- Museum number
Woolwich from Powis Street; view down a long road to Woolwich, at the left an octagonal building among gardens, an officer, a man on horseback and two girls coming down the road, a the left a woman leaving the road by a stile, and another with a basket on her head meeting her
Watercolour, over graphite
- Production date
Height: 255 millimetres
Width: 420 millimetres
- Curator's comments
- See also 1904,0819.62 for another view of Powis Street, Woolwich, featuring the same octaganal building.
The following entry is taken from Kim Sloan, 'A Noble Art: Amateur Artists and Drawing Masters c.1600-1800', (2000), pp. 137-9:
Sandby's connection with the military did not end in 1752 when he returned to London from the Military Survey of Scotland. His brother remained on the pay roll of the Drawing Office for the rest of his life, although his duties were directly to William Augustus, Duke of Cumberland (George III's uncle). The Duke ensured Sandby family connections with Windsor through the 1750s and when he died in 1765, the new Duke of Cumberland, Henry Frederick, George III's younger brother, retained Thomas Sandby's appointment as his draughtsman, although it now took the form of Deputy to the Duke in his appointment as Ranger of Windsor Great Park. During this time, Windsor Castle was still defended as a military fortress, and many of its inhabitants were soldiers.
In 1768, the Sandbys were among the group of artists who finally successfully petitioned the King to found the Royal Academy; but also that year, Paul was appointed chief drawing master at the Royal Military Academy at Woolwich. It is significant but has not previously been noted in this connection that the Woolwich Academy was under the inspection of the Board of Ordnance. In attempts to attribute works by the Sandby brothers, the general rule has always been that if it contained detailed architectural elements or was a wide panoramic view drawn with a camera obscura, it was probably by Thomas, who was Professor of Architecture at the Royal Academy; any well-drawn and substantial figures were possibly inserted by Paul. This, however, is an oversimplification of their talents, as Paul had received the same training in perspective, mathematics and surveying at the Ordnance Drawing Office as his brother and had an equally remarkable mastery of perspective. However, the fact that their skills as military topographers overlapped with their abilities as landscape artists is clear from Thomas's instructions to his students at the Academy that they must be able, as he and his brother were, to 'draw after real Buildings without the use of Rules and Compasses, in the manner of Landskip Painters' (G. Worsley, quoted in Roberts, Sandby, p. 25).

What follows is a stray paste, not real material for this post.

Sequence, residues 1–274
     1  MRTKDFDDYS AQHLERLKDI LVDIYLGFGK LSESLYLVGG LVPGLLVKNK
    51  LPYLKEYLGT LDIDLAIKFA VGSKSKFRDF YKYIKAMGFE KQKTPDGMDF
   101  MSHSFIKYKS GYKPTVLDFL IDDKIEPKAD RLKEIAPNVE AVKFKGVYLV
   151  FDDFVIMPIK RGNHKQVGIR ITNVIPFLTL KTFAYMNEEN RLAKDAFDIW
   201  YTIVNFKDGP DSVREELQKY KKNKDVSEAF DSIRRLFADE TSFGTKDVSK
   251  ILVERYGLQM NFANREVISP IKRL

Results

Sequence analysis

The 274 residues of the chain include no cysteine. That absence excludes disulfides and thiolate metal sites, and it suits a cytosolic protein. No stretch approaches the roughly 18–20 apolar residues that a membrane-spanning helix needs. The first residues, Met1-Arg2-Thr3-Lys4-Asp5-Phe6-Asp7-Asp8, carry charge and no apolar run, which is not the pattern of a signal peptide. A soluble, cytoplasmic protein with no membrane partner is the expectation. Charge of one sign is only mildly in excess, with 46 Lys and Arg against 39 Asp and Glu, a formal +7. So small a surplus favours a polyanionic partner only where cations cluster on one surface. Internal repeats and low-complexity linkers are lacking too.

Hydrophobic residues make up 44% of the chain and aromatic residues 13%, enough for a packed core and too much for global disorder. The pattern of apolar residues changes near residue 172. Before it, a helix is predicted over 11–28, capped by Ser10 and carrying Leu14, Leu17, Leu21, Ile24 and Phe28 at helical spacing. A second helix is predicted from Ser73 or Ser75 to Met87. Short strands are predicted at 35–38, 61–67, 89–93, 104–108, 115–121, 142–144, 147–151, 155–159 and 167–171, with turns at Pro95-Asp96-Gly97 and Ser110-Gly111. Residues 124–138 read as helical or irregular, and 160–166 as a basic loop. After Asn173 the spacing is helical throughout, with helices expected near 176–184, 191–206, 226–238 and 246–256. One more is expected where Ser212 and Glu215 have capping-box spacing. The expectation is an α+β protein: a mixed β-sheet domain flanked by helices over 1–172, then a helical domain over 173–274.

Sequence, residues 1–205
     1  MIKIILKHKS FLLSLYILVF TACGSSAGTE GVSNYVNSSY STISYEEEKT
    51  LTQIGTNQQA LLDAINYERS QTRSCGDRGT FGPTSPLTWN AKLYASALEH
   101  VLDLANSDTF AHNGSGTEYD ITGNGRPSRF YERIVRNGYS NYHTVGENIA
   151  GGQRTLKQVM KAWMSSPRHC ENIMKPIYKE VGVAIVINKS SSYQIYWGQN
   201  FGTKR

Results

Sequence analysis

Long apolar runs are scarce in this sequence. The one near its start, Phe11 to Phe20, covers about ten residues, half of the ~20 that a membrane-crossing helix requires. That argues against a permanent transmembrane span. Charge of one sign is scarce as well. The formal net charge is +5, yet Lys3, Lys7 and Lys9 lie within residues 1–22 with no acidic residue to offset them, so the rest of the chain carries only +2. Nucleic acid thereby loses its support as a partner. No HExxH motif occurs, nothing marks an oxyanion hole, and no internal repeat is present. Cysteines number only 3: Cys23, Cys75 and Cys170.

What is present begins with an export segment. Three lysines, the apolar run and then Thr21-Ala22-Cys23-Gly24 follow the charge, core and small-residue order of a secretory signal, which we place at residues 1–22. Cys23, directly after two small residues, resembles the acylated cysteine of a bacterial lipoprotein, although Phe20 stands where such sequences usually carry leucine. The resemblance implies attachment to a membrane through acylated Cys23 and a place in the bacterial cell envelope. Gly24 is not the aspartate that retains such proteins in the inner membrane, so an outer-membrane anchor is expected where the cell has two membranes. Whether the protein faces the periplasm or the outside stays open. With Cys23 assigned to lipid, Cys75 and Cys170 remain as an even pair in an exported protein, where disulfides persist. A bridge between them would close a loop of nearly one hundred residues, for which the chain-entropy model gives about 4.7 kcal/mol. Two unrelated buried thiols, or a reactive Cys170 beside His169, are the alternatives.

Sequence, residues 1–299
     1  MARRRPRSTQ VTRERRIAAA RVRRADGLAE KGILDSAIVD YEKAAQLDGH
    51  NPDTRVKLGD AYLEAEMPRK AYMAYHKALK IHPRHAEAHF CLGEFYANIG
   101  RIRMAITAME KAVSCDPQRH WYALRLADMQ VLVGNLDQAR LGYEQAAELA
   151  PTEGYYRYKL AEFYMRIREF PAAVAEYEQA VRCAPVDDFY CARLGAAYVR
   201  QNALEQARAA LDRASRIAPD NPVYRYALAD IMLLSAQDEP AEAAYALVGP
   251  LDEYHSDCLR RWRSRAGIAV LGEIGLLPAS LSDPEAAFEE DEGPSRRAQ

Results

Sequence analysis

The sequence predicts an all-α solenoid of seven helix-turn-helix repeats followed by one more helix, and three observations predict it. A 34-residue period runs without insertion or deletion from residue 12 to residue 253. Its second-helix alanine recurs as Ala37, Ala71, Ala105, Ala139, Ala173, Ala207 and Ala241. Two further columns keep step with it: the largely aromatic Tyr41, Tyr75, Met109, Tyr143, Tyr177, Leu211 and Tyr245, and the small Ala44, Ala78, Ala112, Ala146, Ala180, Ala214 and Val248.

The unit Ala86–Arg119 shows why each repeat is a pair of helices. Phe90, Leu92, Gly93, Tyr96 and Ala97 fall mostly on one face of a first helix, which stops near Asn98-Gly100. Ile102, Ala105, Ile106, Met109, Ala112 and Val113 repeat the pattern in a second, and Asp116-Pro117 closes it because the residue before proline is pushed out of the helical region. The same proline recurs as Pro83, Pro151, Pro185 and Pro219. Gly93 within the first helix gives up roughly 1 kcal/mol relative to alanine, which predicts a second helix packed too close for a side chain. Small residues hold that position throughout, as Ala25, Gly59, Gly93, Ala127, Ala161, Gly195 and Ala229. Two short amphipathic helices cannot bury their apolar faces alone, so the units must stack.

This combination of an engineer's and a professional landscapist's art is precisely the type of drawing Paul Sandby was expected to teach gentlemen cadets at Woolwich in order to prepare them for examination for a Commission in the Royal Corps of Artillery and Engineers. They were not expected to be able to produce maps, but they must be able to convey the lie (or slopes) of land, harbours and fortifications in such a way that commanders could deploy troops and artillery.
In their drawing lessons with Sandby, they copied his landscapes in Indian ink to learn perspective in practice and light and shade, followed by more difficult landscapes coloured from nature, civil and military architecture and perspective, and finally 'describing all the various Kinds of Ground, with its Inequalities, as necessary for the Drawing of Plans; and Drawings from Nature'(1776 Orders, p. 25). The latter were views taken 'about Woolwich and other places; which teaches them at the same time to break ground, and forms the eye to the knowledge of it' (Jarry, p. 33). The present view down a long road to Woolwich, includes an octagonal building and figures which would provide a useful exercise in drawing accurately from nature. Another watercolour of Powis Street showing the same octagonal building was also in Gravatt's collection (LB 27). Powis Street was not formally laid out until 1800 and grew into the modern town's main shopping street.
Literature: George, Visct Townshend, Master General of the Ordnance, 'Rules & Orders for the Royal Military Academy at Woolwich', 1776; Wm D. Jones, 'Records of the Royal Military Academy 1741-1840', Woolwich 1851, passim; H D Buchanan-Dunlop, ed., 'Records of the Royal Military Academy 1741-1892', Woolwich, 1895, passim: the edition of 1892 is illustrated with costumes of cadets copied from sketches by Colonel Gravatt [c.1814-28?], formerly Inspector, RMA
- Not on display
- Exhibition history
2000 May-Sep, BM P&D, 'A Noble Art', no.97
2009-10 Possible loan to Nottingham Castle Museum, Sandby, and other venues
- Acquisition date
- Prints and Drawings
- Registration number